Wednesday, 14 February 2018
Questions without Notice: Take Note of Answers
Zed Seselja (ACT, Liberal Party, Assistant Minister for Science, Jobs and Innovation) Share this | Hansard source
I've got to confess I made a new year's resolution and I think I'm going to regret it. The resolution was: every time the Labor Party tells a lie, I'm going to respond by telling the truth. I feel that it's going to keep me very, very busy, based on Senator Watt's contribution. I'm going to address two or three of the untruths that he said. He was just parroting, of course, his union masters: Sally McManus, from the ACTU, and other unions, like the CFMEU.
In Senator Watt's contribution—and we're going to call him out every time; we're going to call out Labor every time they tell a porky, whether it's in this place or anywhere else—he said casualisation is increasing. That's what the ACTU and the Labor Party say and it's what Senator Watt said. Well, actually, the rate of casualisation is not increasing; it's been steady for the last two decades at around 25 per cent. The Fair Work Commission agrees, noting that last year the level of casual employment had not significantly changed since the enactment of the Fair Work Act. So there's porky No. 1. Every time the ACTU or their puppets here in the Senate and in the House of Representatives repeat that lie we'll call it out. It's a lie; it's not true. The Australian people need to know that it's not true.
Another one that came from Senator Watt—again parroting Sally McManus, his union master—is that the use of labour hire is increasing. Not true! The proportion of people employed through a labour hire firm has been broadly stable at around one to two per cent over the past decade. That comes from the Australian Bureau of Statistics' Characteristics of Employment Survey. So you can believe Senator Watt, parroting Sally McManus, who says, 'The law doesn't apply to us'—the truth apparently doesn't apply to Sally McManus or to Senator Watt when he comes into this place—or you can believe the ABS, who say that in fact it is not true.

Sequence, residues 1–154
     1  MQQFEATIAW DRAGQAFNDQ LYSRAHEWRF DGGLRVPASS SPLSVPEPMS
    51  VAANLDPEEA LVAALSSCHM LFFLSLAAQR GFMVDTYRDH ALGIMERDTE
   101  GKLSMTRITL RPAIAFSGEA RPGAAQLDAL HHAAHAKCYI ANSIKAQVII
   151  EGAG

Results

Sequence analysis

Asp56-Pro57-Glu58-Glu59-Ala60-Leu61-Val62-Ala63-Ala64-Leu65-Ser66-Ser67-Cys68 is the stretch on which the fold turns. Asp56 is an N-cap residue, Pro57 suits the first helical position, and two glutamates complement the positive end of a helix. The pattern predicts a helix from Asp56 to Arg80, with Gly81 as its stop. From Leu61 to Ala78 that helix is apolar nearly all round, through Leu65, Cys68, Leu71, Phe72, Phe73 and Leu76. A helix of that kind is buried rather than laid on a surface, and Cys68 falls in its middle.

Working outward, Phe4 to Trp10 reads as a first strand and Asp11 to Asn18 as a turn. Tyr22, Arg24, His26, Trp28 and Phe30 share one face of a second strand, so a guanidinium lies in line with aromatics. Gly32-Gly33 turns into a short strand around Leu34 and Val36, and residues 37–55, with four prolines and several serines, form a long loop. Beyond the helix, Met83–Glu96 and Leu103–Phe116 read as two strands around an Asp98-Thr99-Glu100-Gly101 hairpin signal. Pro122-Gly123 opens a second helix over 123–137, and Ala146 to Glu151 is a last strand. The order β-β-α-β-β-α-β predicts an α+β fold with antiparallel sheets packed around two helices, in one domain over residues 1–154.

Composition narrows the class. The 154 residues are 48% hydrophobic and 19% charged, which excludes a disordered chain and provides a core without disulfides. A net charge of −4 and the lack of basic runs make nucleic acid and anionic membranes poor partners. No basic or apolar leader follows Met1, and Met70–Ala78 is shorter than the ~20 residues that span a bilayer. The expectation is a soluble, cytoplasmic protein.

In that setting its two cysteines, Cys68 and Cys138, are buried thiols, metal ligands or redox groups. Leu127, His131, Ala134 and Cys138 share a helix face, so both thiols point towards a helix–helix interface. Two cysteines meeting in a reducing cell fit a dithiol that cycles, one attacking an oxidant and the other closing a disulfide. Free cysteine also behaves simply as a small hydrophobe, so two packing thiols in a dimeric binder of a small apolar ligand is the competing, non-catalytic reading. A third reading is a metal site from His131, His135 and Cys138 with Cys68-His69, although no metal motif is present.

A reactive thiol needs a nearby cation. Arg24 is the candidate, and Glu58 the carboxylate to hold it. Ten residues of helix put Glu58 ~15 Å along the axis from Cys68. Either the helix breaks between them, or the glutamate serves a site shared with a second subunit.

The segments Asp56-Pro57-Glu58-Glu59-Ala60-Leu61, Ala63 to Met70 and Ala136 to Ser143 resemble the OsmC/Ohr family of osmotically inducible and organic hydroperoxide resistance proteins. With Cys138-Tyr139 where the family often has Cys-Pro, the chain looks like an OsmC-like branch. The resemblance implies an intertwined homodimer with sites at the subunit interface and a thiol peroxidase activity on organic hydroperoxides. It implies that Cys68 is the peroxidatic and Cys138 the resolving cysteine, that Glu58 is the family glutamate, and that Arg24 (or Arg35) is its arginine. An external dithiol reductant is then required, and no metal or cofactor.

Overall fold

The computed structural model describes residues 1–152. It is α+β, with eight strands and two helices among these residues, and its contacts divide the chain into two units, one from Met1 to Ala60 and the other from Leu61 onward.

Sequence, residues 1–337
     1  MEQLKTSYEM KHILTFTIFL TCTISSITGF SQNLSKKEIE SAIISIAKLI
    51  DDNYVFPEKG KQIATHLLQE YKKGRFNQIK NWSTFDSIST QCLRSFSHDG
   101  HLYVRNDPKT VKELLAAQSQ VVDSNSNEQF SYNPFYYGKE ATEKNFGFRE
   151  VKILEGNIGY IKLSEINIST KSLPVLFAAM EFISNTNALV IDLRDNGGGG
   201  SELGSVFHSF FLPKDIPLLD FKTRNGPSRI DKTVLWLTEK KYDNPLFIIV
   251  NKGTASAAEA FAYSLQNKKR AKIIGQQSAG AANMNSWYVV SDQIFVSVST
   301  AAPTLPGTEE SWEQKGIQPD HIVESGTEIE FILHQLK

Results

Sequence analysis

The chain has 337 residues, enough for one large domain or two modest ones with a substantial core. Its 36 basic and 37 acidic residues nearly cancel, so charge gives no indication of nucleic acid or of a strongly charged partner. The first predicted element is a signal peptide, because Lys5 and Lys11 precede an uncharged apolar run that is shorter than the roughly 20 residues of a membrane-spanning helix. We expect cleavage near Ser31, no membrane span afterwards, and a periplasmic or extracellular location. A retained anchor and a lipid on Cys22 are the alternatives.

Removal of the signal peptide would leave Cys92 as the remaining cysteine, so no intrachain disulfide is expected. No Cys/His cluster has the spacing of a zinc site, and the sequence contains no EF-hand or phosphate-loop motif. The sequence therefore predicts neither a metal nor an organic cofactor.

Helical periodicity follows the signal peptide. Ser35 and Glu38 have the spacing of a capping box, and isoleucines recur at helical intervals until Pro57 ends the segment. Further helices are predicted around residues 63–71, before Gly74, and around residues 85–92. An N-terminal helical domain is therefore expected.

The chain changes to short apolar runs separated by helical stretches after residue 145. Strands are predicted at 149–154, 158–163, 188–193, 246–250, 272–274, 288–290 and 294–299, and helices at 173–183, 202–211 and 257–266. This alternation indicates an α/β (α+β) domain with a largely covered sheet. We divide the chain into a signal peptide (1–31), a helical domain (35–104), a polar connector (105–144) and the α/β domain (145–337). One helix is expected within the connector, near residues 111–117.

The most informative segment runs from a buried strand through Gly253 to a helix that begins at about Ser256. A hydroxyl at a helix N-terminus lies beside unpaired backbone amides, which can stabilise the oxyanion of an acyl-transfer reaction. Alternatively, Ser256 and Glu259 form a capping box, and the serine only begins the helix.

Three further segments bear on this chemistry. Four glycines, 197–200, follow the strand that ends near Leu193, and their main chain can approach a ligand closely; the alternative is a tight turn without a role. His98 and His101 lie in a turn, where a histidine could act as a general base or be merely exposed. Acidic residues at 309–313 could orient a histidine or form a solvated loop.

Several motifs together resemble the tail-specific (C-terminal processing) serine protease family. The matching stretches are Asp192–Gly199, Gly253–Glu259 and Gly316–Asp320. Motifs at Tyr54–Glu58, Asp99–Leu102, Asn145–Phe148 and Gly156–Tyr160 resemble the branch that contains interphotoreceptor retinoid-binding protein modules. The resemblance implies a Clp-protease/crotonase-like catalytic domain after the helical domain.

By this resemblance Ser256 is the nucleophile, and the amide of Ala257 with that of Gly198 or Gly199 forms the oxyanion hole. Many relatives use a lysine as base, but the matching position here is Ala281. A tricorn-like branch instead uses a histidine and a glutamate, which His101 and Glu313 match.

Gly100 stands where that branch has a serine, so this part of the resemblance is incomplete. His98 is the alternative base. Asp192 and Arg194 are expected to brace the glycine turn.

I will deal with another untruth put forward by Senator Watt in his motion to take note of answers, which was in many ways the more damaging lie, but I will just make one other point on casualisation. There were 400,000 jobs created last year, around 80 per cent of them full time. So not only has it not changed significantly over the last 25 years; we've got record jobs growth, and that record jobs growth includes 80 per cent—the vast majority—that are full-time jobs. That is outstanding news and completely debunks what was put forward by the senator.
I would point out that the other just as significant, and perhaps more significant, untruth that is being put forward by the Labor Party and Senator Watt is that you can keep taxes high and the economy will still grow. You can keep taxes high, according to the Labor Party, and of course it will have no impact on jobs and no impact on wages. Not one credible economist would agree with that statement—not one credible economist. The economics of this are clear: if you want to increase taxes, as the Labor Party does—$160 billion in additional taxes on mum and dad investors; more taxes on renters; and more taxes on mum and dad small businesses, effectively a tax on workers—what will it do? If the Labor Party's policies were implemented, what would they do? They would put downward pressure on wages and see fewer Australians in work. They would see businesses laying off workers. And now we get the suggestion, in today's questions from Senator Watt and others, that there should now be a tax on revenue. That is the implication of the line of questioning from the Labor Party. They are now suggesting one of two things. One is that, if you've got a lot of revenue, you should pay tax; it shouldn't be profit based. We believe that tax should be paid by companies on their profits. We believe that lowering profit based taxes on companies increases the number of jobs in our economy, increases wages and increases prosperity. But the other implication of what the Labor Party are suggesting is somehow that, if companies make losses, they shouldn't be able to offset them against future earnings. That again would have dangerous implications for our economy.
In conclusion, we're going to call out the lies. If Senator Watt and others are going to come in here and make up claims about casualisation of the workforce that are not true, we're going to put the facts on the table every time and call them out so the Australian people can see that they are simply hollow— (Time expired)